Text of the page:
Linked by Eugenia Loli on Fri 28th Jul 2006 18:28 UTC
.NET (dotGNU too) Microsoft is leaving Java in the dust, but the company still has room to grow in the developer arena, a key executive said. Speaking at the Microsoft FAM (Financial Analyst Meeting) on July 27 in Redmond, Wash., Bob Muglia, Microsoft's senior vice president of Server and Tools business, said Microsoft's .Net platform has outpaced Java, particularly the Java Enterprise Edition, over the past five years to become the development platform of choice for enterprise development.
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Java doing just fine, thank you
by JeffS on Fri 28th Jul 2006 21:30 UTC
JeffS
Member since:
2005-07-12

There seems to be a rash of articles, blogs, forum rants, etc, that are predicting the demise of Java. All of these are coming from the proponents of either
A) Lightweight open source languages/frameworks like Ruby on Rails or LAMP ... or
B) .Net (or MS employees).

And real life keeps proving them dead wrong.

First, on the server side, J2EE / JEE isn't going anywhere but gradually upwards. The big vendors are only increasing their offerings, not scaling back. And more and more viable open source implementations keep popping up - just look at JBoss, Geronimo, Spring, Hibernate, etc. And customers are only increasing their usage/projects with JEE. At JUG meeting last month, their were two recruiter companies there soliciting J2EE devs, acting almost desperate to find talent for their clients' projects. Let's face it, when it comes to medium to large Enterprise middleware, nothing beats Java EE in capabilities - cross platform, transaction handling, resource pooling, SOA, remoting, built in security, wide array of persitence options, and the list goes on. The challengers (RoR, LAMP, .Net) can't match it.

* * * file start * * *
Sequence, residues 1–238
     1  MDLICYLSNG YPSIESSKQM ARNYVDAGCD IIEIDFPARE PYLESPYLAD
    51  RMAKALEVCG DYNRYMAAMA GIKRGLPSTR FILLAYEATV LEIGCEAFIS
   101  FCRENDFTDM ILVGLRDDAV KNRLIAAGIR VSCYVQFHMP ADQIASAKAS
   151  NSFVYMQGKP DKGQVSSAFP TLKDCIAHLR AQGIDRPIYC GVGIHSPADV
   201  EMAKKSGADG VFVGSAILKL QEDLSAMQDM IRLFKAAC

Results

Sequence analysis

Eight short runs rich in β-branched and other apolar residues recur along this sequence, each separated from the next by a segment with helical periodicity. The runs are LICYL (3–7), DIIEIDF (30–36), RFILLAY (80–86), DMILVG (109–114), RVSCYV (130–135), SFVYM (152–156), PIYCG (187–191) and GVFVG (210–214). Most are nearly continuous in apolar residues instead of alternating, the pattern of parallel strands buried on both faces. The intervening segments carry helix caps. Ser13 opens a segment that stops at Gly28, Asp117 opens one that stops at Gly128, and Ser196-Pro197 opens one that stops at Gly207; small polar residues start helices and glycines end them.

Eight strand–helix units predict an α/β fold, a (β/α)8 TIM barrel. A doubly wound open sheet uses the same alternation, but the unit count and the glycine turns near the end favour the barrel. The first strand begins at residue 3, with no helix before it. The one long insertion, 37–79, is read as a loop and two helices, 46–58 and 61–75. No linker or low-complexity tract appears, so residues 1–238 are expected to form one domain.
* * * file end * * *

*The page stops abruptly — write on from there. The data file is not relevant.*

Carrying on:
On desktop side, Java is finally making great strides. First, Swing has become very highly optimized, and looks a lot better as well. Just go to "Swing Sightings" to see how many commerical and open source software is using Swing. Then there is SWT/JFace and Eclipse RCP. Eclipse RCP especially is really taking off. Adobe/Macromedia is now releasing products based on Eclipse RCP. Just go to the Eclipse website, and the community tab, and look at all the commercial and open source software listed that uses Eclipse RCP.

I don't even use Java much professionally. It's just one of my favorite languages, and I see it as the best solution in many cases. And, in fact, I quite like Ruby, PHP, and even C# (especially Mono).

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